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Feathered Friends Vireo UL Review

Price:   $329 List | $309.00 at Feathered Friends
Pros:  Super simple and light, highest quality down, spacious and comfortable
Cons:  No zipper, hard to tell the difference between variable fill zones, must be paired with warm jacket, feet can get hot in warmer weather, not as versatile as other ultralight bags
Bottom line:  A lightweight, variable fill, hoodless mummy without a zipper, designed to be used for alpine climbing in conjunction with a belay parka.
Editors' Rating:   
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Manufacturer:   Feathered Friends

Our Verdict

The Feathered Friends Vireo UL is a specialty bag that is designed for use while alpine climbing. With this goal in mind, this hoodless mummy completely cuts out the zipper to save weight and bulk, and while it has a temperature rating of 25F for the lower body, it uses less down fill on the upper body, which is rated to 45F. The idea is that you will pair it with your insulated belay jacket, which you have to carry on the climb with you anyway, to again save weight and keep you warm during your bivy. At 16.4 ounces, it is indeed very light. While it will serve one well as an alpine climbing sleeping bag, we also found it to be comfortable and enjoyable for use while backpacking as well. The 62" version we tested in our updated review weighs in at 13.9 ounces! The longer 68" version we previously tested also weighed in at less than 16 ounces. We recommend the Top Pick Award winner Vireo to alpinists and cold weather adventurers who climb or hike with a very warm winter parka.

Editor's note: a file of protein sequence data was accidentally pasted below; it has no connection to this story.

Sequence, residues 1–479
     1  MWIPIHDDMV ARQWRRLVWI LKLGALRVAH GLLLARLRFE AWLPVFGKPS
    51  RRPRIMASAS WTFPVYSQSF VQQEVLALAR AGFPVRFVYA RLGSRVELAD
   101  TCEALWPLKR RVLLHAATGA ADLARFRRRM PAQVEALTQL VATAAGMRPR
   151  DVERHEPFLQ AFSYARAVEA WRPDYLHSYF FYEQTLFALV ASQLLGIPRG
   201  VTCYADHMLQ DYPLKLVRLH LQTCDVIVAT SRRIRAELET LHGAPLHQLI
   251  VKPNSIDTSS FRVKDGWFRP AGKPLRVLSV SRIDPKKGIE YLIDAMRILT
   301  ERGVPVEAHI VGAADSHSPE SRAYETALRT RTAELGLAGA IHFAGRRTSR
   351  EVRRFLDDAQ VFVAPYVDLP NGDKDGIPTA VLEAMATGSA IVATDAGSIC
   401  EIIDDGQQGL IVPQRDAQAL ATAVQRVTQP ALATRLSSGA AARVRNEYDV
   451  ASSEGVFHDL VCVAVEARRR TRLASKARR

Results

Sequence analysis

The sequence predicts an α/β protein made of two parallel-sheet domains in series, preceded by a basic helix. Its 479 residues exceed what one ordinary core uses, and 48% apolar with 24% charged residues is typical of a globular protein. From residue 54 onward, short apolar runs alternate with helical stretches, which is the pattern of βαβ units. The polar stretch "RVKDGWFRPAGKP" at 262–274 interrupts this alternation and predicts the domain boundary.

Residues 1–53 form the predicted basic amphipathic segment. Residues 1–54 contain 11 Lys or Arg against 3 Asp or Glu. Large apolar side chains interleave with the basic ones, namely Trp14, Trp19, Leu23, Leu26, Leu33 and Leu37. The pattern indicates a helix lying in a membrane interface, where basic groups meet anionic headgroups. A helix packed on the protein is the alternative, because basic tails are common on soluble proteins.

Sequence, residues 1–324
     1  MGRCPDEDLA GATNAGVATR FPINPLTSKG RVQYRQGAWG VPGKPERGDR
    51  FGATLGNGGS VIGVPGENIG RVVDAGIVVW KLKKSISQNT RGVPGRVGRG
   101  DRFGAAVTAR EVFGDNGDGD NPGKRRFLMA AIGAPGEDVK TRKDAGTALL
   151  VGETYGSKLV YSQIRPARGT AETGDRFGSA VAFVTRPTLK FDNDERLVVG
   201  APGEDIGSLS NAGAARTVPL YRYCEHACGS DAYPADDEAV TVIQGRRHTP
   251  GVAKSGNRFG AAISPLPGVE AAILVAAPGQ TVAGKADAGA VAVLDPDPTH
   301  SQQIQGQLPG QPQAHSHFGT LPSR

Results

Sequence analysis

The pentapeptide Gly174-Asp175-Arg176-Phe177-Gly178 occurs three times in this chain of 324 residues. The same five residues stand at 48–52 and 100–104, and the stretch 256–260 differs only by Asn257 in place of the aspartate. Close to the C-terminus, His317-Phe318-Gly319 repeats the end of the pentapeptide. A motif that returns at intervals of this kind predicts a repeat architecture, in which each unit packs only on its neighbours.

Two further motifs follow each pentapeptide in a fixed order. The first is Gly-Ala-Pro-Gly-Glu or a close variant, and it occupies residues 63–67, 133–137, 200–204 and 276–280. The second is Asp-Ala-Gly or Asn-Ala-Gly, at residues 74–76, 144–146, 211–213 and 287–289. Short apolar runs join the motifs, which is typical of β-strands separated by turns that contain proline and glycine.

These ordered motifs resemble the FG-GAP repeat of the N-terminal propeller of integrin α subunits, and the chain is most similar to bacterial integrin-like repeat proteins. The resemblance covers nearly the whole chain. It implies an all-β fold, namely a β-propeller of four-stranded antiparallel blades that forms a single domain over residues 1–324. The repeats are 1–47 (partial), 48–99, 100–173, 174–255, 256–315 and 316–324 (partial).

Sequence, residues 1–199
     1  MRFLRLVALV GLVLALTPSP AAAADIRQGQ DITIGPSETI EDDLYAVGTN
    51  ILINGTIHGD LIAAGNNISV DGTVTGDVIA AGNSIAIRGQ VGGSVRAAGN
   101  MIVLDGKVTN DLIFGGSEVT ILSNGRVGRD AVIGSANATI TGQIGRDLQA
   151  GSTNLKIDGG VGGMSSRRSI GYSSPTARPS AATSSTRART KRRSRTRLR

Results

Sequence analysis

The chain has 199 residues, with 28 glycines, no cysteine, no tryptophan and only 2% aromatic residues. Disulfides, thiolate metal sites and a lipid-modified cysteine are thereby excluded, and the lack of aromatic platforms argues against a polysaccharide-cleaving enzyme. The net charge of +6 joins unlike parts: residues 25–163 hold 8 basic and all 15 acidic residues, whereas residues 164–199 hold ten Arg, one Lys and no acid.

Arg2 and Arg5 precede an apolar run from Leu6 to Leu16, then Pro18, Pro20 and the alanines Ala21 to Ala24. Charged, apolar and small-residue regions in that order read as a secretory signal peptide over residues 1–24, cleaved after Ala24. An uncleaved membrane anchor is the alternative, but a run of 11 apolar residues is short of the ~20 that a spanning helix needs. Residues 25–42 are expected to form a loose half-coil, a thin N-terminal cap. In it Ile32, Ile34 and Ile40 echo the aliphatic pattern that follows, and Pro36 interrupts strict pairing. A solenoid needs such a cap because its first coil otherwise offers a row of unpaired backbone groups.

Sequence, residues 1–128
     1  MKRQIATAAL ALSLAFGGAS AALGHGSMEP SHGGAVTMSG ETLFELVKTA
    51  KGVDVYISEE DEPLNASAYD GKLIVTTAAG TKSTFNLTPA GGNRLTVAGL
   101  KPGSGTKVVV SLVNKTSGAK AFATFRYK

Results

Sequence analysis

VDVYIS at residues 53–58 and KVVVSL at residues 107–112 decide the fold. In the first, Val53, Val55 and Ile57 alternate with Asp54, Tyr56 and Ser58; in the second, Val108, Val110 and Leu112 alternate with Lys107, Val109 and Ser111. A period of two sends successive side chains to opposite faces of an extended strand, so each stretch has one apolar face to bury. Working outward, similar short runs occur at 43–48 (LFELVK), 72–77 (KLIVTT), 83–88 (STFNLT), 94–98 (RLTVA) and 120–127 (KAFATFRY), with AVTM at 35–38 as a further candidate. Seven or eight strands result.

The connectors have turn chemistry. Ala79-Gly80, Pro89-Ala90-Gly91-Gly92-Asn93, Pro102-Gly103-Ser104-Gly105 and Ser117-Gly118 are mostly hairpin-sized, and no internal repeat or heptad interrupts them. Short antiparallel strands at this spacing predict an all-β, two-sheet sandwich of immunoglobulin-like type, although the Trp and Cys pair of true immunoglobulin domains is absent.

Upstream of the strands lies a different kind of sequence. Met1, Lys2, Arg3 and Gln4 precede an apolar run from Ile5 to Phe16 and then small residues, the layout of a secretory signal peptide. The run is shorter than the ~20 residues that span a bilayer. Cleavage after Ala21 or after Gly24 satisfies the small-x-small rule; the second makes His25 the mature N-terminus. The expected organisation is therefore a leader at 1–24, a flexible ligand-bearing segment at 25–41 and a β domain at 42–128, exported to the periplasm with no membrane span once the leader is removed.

For the majority of ultralight backpackers and thru-hikers, we recommend a quilt for warmth and versatility. The closed foot box quilt Katabatic Gear Palisade 30 is one of the warmest and most comfortable options we tested. If you are more budget conscious, the Enlightened Equipment Revelation 20 fully-opening quilt is one of our top scoring models overall and has a relatively modest price tag.


RELATED REVIEW: The Best Ultralight Sleeping Bags of 2017


Our Analysis and Hands-on Test Results

Review by:
Andy Wellman
Senior Review Editor
OutdoorGearLab

Last Updated:
Friday
July 7, 2017

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The Vireo UL is quite unique in that it has a few different design elements not found on any other sleeping bag in this review. It is the only mummy bag to forego the use of a zipper, which we somewhat lamented. No zipper meant this bag is not easy to get in or out of (can you say wriggle?), and for a bag that is designed for climbing, creates quite a conundrum as to the best way to stay tied in. Well, there is no debate, the only way to stay tied in is to run the cord out the top of this bag, but we find this to be annoying and less than ideal. In our opinion, the two way zipper used on the Patagonia 850 Down Sleeping Bag 30 is far more practical as a way to manage the tie in point while on a wall or bivy on a mountain, while also adding versatility to ventilate.

What we did like was the unique variable fill: the bottom half of the bag is rated to 25F, and the top half to 45F. The idea is to use an insulated jacket that you must carry anyway to keep you warm at night. Because it is meant to be paired with a bulky jacket, the fit in the torso is the most spacious of any mummy bag we tested, and on warm nights you can always sleep in this bag without the belay jacket. That's what we did most of the time when using it for backpacking, and we simply loved the extra space.

How to Get It:
Feathered Friends bags are not sold by major commercial or online retailers.

Find it online at: FeatheredFriends.com

Performance Comparison